- FAFSA Information
- California Dream Act Application Information
- Scholarship Information
- Advice for Low Income Families
- Advice for Middle Class/Upper Middle Class Families
The 2020-2021 Free Application for Federal Student Aid (FAFSA) will opens today (October 1, 2019) and you will be completing the form using tax information from the 2018 tax year (you can pull income-tax information directly from the IRS by using the IRS Data Retrieval Tool that is embedded in the FAFSA).
Feeling lost or confused about how to fill out the FAFSA? There are FREE California Cash for College workshops available to assist you. You may find workshops near you at the California Student Aid Commission website.
California Dream Act Application Information
For AB 540/DREAM/DACA students, be sure to file the California Dream Act Application and NOT the FAFSA (even if you are DACA and received a pseudo SSN). Filing the FAFSA when you should be filing the California Dream Act Application will delay processing of your financial aid award!
Keep in mind that you may receive loan offers to cover some or all of your college costs (MINIMUM out-of-pocket cost for a UC starts at around $10,000 per year regardless of family income; see the “Sample Financing Plans” toward the bottom of this page and note that “Student Contribution” is what the UCs expect the students to come up with on their own). Be sure to apply for scholarships to reduce the loans you need to take. You may find additional financial aid and scholarship resources for freshman or transfer students on my website (including AB 540/DREAM/DACA students).
Advice for Low Income Families
Families with incomes below $80,000 qualify for the UC Blue and Gold Opportunity Plan; however, you may still receive loan offers to cover a part of your college costs (remember that your MINIMUM out-of-pocket cost for a UC starts at around $10,000 per year regardless of family income; see the “Sample Financing Plans” toward the bottom of this page and note that “Student Contribution” is what the UCs expect the students to come up with on their own). Be sure to apply for scholarships to reduce the loans you need to take.
If you are a transfer student and you have been using your Cal Grants and/or Pell Grants while attending community college, please see my post Cal Grants & Pell Grants at Community College for additional information regarding your financial aid after you transfer.
Advice for Middle Class/Upper Middle Class Families
I strongly urge you to complete the FAFSA even if you don’t think you are eligible to receive need-based aid. Completing the form will guard against any unexpected changes in your financial situation and may help you qualify for merit-based scholarships (some colleges and organizations require the FAFSA to award merit scholarships). Consider the Middle Class Scholarship (MCS) program, which provides funding to help middle-class students attend UCs or CSUs; families with incomes up to $177,000 per year are eligible, but you MUST complete the FAFSA to qualify.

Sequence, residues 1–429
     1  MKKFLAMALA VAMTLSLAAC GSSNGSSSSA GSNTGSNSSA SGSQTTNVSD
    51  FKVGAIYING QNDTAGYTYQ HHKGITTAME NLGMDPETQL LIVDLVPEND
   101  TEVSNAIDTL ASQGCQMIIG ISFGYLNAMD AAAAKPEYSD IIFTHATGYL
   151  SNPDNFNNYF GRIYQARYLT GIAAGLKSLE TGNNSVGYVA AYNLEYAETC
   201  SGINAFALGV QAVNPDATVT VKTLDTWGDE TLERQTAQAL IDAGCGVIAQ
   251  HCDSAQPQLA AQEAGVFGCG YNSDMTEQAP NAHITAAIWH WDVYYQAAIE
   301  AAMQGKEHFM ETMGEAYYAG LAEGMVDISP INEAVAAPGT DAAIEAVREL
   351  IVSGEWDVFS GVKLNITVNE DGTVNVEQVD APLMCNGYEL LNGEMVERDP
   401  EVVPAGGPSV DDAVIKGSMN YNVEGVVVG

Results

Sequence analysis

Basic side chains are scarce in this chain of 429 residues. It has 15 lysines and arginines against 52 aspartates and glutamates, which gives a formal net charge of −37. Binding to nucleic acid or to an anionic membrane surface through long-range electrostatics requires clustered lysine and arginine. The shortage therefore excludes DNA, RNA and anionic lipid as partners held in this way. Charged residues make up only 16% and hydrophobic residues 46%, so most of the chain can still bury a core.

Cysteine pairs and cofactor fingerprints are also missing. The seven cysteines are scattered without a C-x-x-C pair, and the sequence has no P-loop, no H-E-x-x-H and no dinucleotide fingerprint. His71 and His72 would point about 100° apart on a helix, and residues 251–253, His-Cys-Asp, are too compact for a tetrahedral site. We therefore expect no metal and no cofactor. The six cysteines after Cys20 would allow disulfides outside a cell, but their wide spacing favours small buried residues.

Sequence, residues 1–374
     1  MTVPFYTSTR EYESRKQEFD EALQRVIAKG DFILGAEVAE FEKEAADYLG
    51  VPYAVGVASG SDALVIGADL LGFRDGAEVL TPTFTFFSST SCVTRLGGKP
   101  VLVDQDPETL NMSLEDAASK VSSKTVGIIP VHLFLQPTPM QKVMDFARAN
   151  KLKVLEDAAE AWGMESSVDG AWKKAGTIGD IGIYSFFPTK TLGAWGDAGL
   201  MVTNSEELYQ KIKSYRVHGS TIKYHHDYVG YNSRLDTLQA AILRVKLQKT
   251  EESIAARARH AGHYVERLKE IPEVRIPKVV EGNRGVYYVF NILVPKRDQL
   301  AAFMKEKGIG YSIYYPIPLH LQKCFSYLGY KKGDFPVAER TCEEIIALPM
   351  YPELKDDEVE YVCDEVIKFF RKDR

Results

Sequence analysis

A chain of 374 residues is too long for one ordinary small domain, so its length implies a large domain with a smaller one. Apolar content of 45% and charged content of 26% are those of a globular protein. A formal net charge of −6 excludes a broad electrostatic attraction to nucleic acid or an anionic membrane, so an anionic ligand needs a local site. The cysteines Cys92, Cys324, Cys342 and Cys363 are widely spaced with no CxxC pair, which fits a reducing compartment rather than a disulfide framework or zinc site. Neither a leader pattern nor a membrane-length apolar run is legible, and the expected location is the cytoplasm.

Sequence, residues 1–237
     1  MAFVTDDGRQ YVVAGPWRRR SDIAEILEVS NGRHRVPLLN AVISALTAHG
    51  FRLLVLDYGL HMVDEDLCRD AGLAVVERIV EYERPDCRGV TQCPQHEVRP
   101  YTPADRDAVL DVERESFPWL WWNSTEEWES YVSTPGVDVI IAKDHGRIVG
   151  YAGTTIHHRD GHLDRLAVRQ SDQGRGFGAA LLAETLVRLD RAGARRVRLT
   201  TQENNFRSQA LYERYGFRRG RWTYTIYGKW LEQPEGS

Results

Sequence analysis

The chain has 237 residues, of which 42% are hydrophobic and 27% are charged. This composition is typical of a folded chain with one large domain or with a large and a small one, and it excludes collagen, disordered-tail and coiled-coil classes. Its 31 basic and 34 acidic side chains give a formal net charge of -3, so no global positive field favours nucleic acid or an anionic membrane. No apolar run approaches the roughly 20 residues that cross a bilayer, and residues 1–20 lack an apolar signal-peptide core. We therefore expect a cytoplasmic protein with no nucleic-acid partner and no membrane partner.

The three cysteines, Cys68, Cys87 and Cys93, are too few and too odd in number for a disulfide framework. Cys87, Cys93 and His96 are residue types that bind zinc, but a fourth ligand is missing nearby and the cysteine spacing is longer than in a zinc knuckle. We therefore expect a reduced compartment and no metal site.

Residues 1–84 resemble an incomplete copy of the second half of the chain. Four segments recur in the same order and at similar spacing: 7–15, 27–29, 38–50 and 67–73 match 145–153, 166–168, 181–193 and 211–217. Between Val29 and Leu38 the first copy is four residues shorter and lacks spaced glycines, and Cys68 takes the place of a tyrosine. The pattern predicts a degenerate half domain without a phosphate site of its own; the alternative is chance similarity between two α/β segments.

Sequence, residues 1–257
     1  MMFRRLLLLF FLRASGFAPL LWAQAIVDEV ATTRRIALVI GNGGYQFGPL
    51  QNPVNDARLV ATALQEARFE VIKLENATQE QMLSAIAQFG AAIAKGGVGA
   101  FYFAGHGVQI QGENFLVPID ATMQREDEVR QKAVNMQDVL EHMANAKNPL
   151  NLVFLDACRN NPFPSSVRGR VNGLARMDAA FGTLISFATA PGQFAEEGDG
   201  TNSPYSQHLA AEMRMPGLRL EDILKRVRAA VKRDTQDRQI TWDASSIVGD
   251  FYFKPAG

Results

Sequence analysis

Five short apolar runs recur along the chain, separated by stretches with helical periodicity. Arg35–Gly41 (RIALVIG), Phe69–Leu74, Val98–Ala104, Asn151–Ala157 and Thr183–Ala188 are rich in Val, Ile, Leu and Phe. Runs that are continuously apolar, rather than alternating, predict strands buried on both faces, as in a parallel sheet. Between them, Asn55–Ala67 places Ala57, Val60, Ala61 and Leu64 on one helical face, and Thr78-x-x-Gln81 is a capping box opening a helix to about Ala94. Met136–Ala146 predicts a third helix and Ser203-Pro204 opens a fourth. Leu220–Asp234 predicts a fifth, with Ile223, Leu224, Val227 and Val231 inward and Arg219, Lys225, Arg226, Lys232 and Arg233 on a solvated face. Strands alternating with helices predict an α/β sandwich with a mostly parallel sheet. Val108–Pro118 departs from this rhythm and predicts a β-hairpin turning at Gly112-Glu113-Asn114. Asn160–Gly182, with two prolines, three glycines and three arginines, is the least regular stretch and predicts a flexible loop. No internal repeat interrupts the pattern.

Please note that I make this recommendation because many parents have asked me for financial aid advice, which is a complicated and highly regulated field. This is simply for your information in case you are interested.
If you need help navigating the financial aid maze, I recommend Stephanie Hancock of College Aid Consulting. She is knowledgeable, honest, and she genuinely cares about helping her clients get the best financial aid package possible (I spent two hours talking to her on the phone and learned more about financial aid than all of my previous years combined!). If you are simply not sure where to start, invest $150 for Stephanie’s Aid Profiler service; she will assess your current financial status and identify any opportunity to receive aid, where, and under what circumstances. You will walk away with a clear understanding of how much financial aid you will qualify and what actions you can take to maximize your need-based and merit-based aid. In addition, as a financial advisor with Hancock Wealth Advisory (a registered investment adviser), Stephanie can help you with shielding assets if opportunities exist.
Do NOT assume that you should just take out loans to pay for college and everything will work out. The government, colleges, and private lenders are NOT taking the time to educate you on how to manage your money or explain how crushing student loan debt could ruin your life. Loans are too easy to take out and the interests add up too quickly (particularly for unsubsidized or private loans). Federal student loans will follow you for life and not to be taken lightly (you will carry the debt until you die because student loans typically cannot be discharged through bankruptcy; predatory student loan servicers have also been contributing to higher student loan default rates – please note, this link takes you to a video that contains explicit language; unfortunately it’s the only one I could find that provides a clear enough explanation regarding the problems with student loan servicers).
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